Megatons to Megawatts was a great energy fix for its era. For ours, it’s energy efficiency.
This is a guest post by Cliff Majersik, executive director of the Institute for Market Transformation
In 1993, the United States and the Russian Federation signed an agreement to convert 500 metric tons of highly enriched uranium from Russian warheads into low-enriched uranium that could fuel U.S. nuclear reactors. The Megatons to Megawatts program was born. For 20 years, Megatons to Megawatts provided much of the low-enriched uranium that U.S. nuclear reactors needed—about one-third of it. And when you consider that nuclear plants supply about a fifth of the country’s electricity, well, that’s a lot of our meals cooked and homes heated by fuel from 20,000 former bombs. Meanwhile, the Russian economy got a $13 billion boost over two decades.
But all good things must come to an end, and Megatons to Megawatts is expiring. On Tuesday, Dec. 10, the New York Times reports, the last shipment of uranium from the program will arrive at the Port of Baltimore.
Looking forward, there is one great source to fill the fuel gap: energy efficiency. Inarguably, the cleanest kilowatt hour is the one you don’t consume. Energy efficiency has the potential to save far more energy than Megatons for Megawatts generated. In fact, John A. Laitner, a researcher at the American Council for an Energy-Efficient Economy (ACEEE), has found that since 1970, energy efficiency has met 75 percent of new energy service demands in the U.S.
Likewise, well-known research by McKinsey in 2009 showed that the U.S. economy has the potential to cut annual, non-transportation energy consumption by roughly 23 percent by 2020, eliminating more than $1.2 trillion in energy waste—more than double the upfront investment cost required. This reduction in energy use would avoid 1.1 gigatons of greenhouse-gas emissions every year, the equivalent of taking the entire fleet of passenger vehicles and light trucks off America’s roads.
Energy efficiency will help us avoid the emissions that worsen climate change, but it can also help us adapt better to the changes we’re already seeing. An energy-efficient building is a stronger and more resilient building.
Last year, Hurricane Sandy knocked out power for millions up and down the Eastern seaboard. Days after Sandy hit, cold temperatures worsened victims’ misery; officials in New York City set up warming shelters and handed out blankets to shivering residents. In an extended power outage like that one, a home that’s built to a high standard of efficiency (that is, it’s airtight and well insulated) will be more habitable, with an indoor temperature less affected by a cold snap or heat wave.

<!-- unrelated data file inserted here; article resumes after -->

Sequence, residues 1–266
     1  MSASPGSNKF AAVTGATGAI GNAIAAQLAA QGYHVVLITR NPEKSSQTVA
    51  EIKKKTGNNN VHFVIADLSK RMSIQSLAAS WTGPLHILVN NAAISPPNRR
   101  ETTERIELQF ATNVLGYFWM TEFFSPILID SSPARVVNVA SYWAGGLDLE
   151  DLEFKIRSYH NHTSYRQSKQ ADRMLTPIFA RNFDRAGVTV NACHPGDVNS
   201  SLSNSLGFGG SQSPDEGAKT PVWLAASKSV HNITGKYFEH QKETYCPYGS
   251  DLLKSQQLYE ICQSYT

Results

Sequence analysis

Cities around the country are moving to make their buildings more resilient, and energy efficiency will be a crucial component of their disaster-readiness. Efficiency also has major benefits at the scale of the neighborhood and region, not just for individual buildings. By reducing peak consumption, it lessens the strain on the electricity grid and helps prevent future blackouts.
Megatons to Megawatts was the ideal program for its era, finding an unexpected energy source in nuclear disarmament after the fall of the Soviet Union. In a new era that’s characterized by dwindling resources, climatic uncertainty, and the urgent need to reduce emissions, the best energy source is clear: energy efficiency.
Cliff Majersik is executive director of the Institute for Market Transformation (IMT), a nonprofit organization in Washington, DC, that promotes energy efficiency in buildings. Under his leadership, IMT has expanded its work nationally and internationally and become a recognized leader in the energy efficiency field.
Majersik oversees IMT’s principal activities to advance energy efficiency in the built environment, including in the areas of building energy performance policy, energy codes, and energy efficiency finance. His work helped lead to the introduction of federal legislation in 2011 to account for energy efficiency in mortgage underwriting, and he helped craft the innovative building energy benchmarking and disclosure laws in the District of Columbia and New York City.